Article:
Friday, 30 April 2010

#4 Dear Lovely Blue Top that I bought yesterday

Dear Lovely Blue Top that I bought yesterday,

It has felt really nice wearing you today. You are such a gorgeous blue and I like the little crocheted bits that remind me of lace doilies. You fit me just right, so it has made me feel extra special, especially because you were a treat for finishing a very hard piece of work this week, and also you've taken my mind away from annoying things like bloody high street banks and internet scams. Hurray to you for being in the shop when I only popped in for five minutes before my appointment, hurray for being lovely, and for feeling so beautiful against my skin,

A x

Thursday, 29 April 2010

#3 Dear Spring Rolls

Dear Spring Rolls

I should perhaps have taken a sandwich to work today, but I want to express my gratitude that you were going spare, and tasted so delicious, just when I needed a bite to eat. I have to confess that perhaps eating 6 of you was a little greedy, but you were just so delicious (if a little bit soggy) and I couldn't resist dipping you in that lovely sweet sauce and then licking it off my fingers. You felt like a naughty treat, cheers for being there just when I needed you,


Wednesday, 28 April 2010

#2 Dear Ornamental Quince

Dear Ornamental Quince,

growing by surprise around my pond, you are so gorgeous, I love your orange flowers, and when I came down to the allotment today, it was lovely to see flowers here there everywhere, pushing out from behind all the weeds. I did an hour pulling out weeds, just so I could see you better, and the day's tiredness and stress just disappeared, Yea, I love you little Quince flowers, you've brightened my day

A xx

Tuesday, 27 April 2010

#1 Dear Migraines...

Dear Migraines,

I really don't like you, but thank you for telling me that I need to slow down, live a less stressful life, and look after myself. These are important things and I forget sometimes to do them when I'm busy and working too hard. I know you are just trying to give me a message, and I wil try hard to be a better listener,

A x

Dear Everybody....

I recently finished reading this STUNNING book.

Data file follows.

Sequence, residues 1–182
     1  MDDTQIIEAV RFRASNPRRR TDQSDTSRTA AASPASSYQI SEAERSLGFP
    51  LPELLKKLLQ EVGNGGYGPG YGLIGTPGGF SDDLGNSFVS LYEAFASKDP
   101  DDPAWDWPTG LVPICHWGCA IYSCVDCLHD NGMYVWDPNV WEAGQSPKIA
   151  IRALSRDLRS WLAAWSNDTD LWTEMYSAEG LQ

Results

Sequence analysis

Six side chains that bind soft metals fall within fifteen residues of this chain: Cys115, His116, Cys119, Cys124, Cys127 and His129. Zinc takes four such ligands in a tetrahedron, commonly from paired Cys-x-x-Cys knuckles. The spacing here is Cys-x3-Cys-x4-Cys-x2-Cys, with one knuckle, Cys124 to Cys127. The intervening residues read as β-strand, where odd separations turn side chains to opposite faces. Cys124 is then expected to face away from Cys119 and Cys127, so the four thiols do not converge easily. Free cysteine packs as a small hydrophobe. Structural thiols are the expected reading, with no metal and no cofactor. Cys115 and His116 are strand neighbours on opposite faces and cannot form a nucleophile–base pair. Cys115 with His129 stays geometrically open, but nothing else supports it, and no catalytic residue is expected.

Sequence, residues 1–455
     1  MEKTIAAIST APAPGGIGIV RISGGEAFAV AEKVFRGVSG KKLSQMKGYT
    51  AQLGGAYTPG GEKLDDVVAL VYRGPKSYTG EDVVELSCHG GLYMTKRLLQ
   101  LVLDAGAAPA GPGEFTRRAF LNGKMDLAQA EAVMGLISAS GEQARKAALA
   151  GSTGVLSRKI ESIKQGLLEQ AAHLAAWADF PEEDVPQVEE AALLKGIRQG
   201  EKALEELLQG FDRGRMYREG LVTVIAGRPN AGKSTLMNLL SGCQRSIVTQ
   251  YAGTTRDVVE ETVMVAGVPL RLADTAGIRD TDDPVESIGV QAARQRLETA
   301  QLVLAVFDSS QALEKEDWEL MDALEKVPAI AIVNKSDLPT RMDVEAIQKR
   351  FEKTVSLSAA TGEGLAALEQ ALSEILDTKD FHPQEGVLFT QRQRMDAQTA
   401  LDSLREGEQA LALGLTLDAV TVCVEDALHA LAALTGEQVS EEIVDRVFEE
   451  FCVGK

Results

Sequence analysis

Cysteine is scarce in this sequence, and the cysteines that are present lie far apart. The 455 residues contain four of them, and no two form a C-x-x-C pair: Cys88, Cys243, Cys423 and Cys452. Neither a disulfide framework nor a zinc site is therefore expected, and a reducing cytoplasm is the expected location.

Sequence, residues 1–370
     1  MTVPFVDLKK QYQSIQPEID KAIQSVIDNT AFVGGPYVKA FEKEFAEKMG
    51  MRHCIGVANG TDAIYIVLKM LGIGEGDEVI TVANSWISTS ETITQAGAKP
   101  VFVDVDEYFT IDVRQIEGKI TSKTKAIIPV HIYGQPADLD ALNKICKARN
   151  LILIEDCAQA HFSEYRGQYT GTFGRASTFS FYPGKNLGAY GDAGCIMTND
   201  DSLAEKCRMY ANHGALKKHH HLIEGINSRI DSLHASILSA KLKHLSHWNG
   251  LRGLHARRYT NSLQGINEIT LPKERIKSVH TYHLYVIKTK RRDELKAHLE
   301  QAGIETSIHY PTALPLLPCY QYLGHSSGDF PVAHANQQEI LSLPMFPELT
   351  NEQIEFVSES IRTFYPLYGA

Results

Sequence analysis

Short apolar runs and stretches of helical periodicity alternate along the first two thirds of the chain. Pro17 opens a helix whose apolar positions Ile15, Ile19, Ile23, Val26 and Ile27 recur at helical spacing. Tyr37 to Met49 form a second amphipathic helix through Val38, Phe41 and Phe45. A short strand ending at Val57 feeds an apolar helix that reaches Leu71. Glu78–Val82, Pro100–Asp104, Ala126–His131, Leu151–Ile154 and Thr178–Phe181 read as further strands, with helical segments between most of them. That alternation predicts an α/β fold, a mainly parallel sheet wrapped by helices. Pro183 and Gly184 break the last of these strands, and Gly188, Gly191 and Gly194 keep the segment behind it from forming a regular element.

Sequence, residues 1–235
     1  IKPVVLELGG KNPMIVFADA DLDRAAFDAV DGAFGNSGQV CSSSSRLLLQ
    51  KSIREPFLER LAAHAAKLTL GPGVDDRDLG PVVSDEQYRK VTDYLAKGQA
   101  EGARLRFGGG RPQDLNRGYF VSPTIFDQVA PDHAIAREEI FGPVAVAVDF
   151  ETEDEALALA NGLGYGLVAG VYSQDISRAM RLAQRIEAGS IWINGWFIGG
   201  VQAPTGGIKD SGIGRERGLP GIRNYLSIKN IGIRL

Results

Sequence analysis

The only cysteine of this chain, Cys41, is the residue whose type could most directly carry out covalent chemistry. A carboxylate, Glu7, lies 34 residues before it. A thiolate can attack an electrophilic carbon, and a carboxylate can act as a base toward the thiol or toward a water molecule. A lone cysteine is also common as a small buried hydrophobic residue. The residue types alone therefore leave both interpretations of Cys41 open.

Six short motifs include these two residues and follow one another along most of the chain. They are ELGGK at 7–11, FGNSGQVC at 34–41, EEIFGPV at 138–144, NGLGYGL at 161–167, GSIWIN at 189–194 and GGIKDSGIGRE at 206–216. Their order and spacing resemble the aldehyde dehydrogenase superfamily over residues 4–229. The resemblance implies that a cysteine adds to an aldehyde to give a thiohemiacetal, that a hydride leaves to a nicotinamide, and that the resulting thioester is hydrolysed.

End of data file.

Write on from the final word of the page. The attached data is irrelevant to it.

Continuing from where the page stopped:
written by this very talented man.

It's not often I am wordless when it comes to describing a book, but all I can say is how I loved it. I thought it was one of the most beautiful, quirky, sad novels I have ever read.

You can watch a film previewing the book here.

Inspired by Dear Everybody..

and also the wonderful blog Thx Thx Thx of which I am a ardent fan

the one hundred days to make me a better person project, I followed one or two people as they carried out their hundred days challenge, especially this inspiring lady, who did all kinds of creative things including a lot of beautiul cutting up of books

and now this other very inspiring lady is taking a photo of something that makes her happy everyday for 100 days.

So, these things have all helped me decide. I'm going to write a little letter or note or list of gratitudes every day for the next 100 days, and I might post them here. It will help me appreciate NOW more, and be grateful for the little things in my life, and also to focus on the positives (because I feel I need to practice all of these things...)

Sunday, 25 April 2010

RIP... Alan Sillitoe

I was very sad to read just now that Alan Sillitoe has died.

A brilliant writer, writing what I would consider to be some of the greatest English novels of the twentieth century.

When I was on my creative writing MA, my tutor directed to me to his novels, feeling that I would relate to them, learn from them, that some of what I wanted to achieve was explored in his novels. I read The Loneliness of the Long Distance Runner first and was gripped, first by his use of language, the way he uses 'voice' and depicts local vernacular, and spoken voice within his narratives. Second for the structure, I loved the three part structure, each exploring a different aspect of Colin, his family and life in Nottingham, his time in Borstal, and then his running. Thirdly, the story, which captures achingly difficult, sad aspects of life, in a down to earth, gritty way. Real, I would describe it as. I know when his novels were adapted for film, they were described as 'kitchen sink', I'm not sure whether that could be used to described his novels, but certainly there is something grimly everyday about them. This, for me is what is so overwhelmingly good about them, he captures something that elsewhere might seem boring or mundane, but transforms it into something poignant, imbued with meaning, affecting.

I couldn't get enough of that novel, still my favourite I think. I suppose it's the English version of 'Catcher in the Rye', very different, but for me equal to it.

Saturday Night, Sunday morning as well. Bloody hell, does this novel say so much to me, capture what could so easily be missed. I don't know whether Nottingham can be described as 'the north', probably more like the midlands, but for me, it helped me to identify my place in a literary world, my northernness, how I didn't have to be intellectual in my writing, or clever, that just writing in my voice, with my ideas and environments, my way of seeing the world is enough, in fact more than enough. I could write about tough stuff, grim environments, in an ordinary way, and it could be poetic. Almost as though reading his work, made me understand more of who I was as a writer, or affirmed perhaps who I am.

I'm not sure whether his work might seem old-fashioned now, I don't think so. It captures a specific era I think, beautifully, a culture, a social class. It made me feel YES, I can do this.

So I guess you could say he was an influence, that until reading about his death, perhaps I didn't realise fully. He will certainly be remembered for his writing, and my thoughts go out to his family and friends.